Class at Lloyd Center delves into paranormal realms

Class at Lloyd Center delves into paranormal realms
May 14, 2009
Jessica Machado

"If you're not dreaming, then your body has issues," says Leslie Rick, a self-described clairvoyant leading a 14-week class on the paranormal.

Today, the 15 students who have met in the party room of Captain Henry's Pirate Store -- a literal treasure trove of skulls, crossbones and faux jungle foliage in Lloyd Center -- will learn the following:

You are everyone in your dream, but you don't know it; nightmares usually occur between 4 and 6 a.m.; and if you like psychedelic dreams, take note of what you ate before you went to bed.

Loosely defined, paranormal refers to anything science cannot explain. Each week, Rick explores a new unexplainable topic -- telepathy, ghosts, herbal healing and past life regression, for example -- culminating in a graduation seance .

On this particular Sunday evening, more than halfway through the term, the students are sharing their dream journals.

Danny Hunter, 27, tells of being in a fantastical castle where the bookshelves give way to the ocean. Classmates throw out a few interpretations about being lost at sea, but Rick suggests that learning history gives Hunter a sense of place. He agrees; indeed, he is studying cultural anthropology.

Rick says she doesn't like to boast but has never met anyone who can match her "gifts." She says she had her first vision when she was 5 and has since used her visions to help police locate crime scenes. She says she recently avoided a car accident by mere intuition and claims she has been so emotionally drained that she was once invisible.

Rick has been teaching these classes for free, twice a year, for 4 1/2 years. She's also an ordained minister and earned her doctorate in mythology, religions and cultures. But most of her students know her through working with her at Scream at the Beach, the Jantzen Beach Halloween haunted house where she is the executive manager. But she's better known as "mom" to the 400 "kids" she works with and mentors.

"I have people tell me that before they came to this class they thought they were crazy," says Rick. "They knew they had powers -- everyone has a little -- but they were afraid to say it."

Kim Louie signed up for classes to help her 11-year-old daughter, Jenna, understand why she is sensitive to seeing ghosts. Although Louie says she has powers of perception of her own, she wasn't expecting to learn so much about herself through Rick's teachings.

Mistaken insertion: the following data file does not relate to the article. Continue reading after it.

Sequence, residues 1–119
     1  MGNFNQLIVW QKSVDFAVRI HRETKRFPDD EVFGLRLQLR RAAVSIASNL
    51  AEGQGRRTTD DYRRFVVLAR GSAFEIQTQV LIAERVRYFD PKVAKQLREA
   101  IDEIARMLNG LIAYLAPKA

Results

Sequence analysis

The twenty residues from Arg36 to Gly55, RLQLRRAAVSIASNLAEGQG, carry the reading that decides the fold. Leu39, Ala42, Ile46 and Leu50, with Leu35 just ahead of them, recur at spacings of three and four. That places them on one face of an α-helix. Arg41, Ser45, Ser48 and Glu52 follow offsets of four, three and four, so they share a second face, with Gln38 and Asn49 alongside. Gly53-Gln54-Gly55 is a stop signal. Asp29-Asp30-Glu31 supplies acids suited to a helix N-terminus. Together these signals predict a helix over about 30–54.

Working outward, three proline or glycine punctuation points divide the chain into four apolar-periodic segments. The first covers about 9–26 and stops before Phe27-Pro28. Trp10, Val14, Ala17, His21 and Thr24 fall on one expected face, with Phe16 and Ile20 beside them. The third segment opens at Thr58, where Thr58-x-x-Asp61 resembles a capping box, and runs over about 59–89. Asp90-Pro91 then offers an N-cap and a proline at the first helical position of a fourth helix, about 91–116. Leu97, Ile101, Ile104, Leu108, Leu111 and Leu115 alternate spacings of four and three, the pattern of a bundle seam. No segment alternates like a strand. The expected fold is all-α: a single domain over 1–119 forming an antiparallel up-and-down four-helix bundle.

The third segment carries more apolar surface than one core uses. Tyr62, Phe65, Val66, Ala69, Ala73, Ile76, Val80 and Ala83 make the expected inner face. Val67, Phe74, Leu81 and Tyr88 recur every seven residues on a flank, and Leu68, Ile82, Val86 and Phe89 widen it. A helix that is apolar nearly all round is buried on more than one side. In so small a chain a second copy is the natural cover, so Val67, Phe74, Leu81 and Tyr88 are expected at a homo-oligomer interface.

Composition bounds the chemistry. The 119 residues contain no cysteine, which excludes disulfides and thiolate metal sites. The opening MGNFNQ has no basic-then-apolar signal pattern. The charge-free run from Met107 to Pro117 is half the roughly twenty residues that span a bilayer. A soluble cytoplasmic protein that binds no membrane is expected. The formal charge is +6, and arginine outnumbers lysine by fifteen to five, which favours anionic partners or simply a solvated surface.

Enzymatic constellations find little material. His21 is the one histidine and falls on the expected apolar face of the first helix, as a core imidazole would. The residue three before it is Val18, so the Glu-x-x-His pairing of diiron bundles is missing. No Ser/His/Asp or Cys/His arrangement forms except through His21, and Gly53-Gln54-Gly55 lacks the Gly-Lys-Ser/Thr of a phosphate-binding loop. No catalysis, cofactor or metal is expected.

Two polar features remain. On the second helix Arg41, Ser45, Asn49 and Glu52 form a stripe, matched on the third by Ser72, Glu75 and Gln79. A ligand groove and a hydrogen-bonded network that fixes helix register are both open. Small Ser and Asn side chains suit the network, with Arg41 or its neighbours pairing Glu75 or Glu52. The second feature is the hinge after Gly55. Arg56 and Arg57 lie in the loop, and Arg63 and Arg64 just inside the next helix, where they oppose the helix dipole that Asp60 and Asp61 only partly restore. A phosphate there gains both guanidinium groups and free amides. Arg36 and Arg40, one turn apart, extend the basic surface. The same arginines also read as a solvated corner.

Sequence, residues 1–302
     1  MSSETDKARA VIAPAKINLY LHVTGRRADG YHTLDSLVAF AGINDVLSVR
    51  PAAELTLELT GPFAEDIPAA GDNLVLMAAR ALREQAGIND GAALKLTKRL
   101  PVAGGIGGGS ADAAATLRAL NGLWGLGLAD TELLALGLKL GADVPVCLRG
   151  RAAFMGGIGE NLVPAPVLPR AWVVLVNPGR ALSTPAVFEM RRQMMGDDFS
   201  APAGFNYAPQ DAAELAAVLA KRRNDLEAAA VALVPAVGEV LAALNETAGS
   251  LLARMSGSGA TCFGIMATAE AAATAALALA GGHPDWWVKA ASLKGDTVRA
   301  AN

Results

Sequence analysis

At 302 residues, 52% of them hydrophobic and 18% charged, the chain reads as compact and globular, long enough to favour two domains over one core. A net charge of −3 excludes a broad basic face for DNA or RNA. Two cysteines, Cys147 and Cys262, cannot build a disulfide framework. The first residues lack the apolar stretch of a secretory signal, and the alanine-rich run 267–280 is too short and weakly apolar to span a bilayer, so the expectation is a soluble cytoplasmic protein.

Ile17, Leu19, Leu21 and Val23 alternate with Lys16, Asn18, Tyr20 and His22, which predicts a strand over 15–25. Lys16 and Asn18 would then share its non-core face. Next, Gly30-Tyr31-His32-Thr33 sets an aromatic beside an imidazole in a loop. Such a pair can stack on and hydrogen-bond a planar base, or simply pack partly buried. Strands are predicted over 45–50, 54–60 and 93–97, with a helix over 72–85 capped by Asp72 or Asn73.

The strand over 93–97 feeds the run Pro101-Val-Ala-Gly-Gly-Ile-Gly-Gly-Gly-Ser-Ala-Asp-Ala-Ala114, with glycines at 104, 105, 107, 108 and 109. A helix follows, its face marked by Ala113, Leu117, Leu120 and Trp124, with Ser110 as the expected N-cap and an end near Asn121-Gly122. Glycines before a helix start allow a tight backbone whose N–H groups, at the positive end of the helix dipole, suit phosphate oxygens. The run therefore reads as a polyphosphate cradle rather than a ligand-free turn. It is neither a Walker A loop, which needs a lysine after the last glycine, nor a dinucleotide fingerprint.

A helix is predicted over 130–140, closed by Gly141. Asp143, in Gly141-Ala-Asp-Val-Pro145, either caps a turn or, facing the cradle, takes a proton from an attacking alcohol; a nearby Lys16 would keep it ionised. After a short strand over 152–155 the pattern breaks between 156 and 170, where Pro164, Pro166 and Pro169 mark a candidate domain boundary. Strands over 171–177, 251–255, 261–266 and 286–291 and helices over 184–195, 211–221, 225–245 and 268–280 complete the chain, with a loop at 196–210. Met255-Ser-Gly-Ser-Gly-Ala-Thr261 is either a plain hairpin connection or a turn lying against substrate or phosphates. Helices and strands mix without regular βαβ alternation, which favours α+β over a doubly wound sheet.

"We did a class on empathy, and I found out I carried around a whole bunch of baggage," says Louie. "Who'd have thought I'd find myself in a paranormal class?"

After a short break in the three-hour lesson, Rick tells her students to get out their pillows and blankets. It's time for astral projection, or an out-of-body experience.

A few slump against the pirate chest dripping with gold coins and Mardi Gras beads, while others sprawl out on the carpet. They close their eyes, and Rick guides them through the projection. She tells them to blank their minds and go ahead and "spin." She asks them to concentrate on a person, notice what he or she is doing, then make a gesture so they're presence is known.

The most popular place students find their friends and loved ones is parked in front of a computer screen. Several reach out to turn off the power button.

Although Rick says she is able to project herself into the subconscious of others, she has a strict code of psychic ethics: Don't mess with anyone's free will and don't look into anyone's business unless that person asks. She is also adamant that her students recite the "Four Ps."

"Practice, patience, perseverance and keep it positive!" they all shout before hugging her goodbye and slipping out the mall's after-hours exit.
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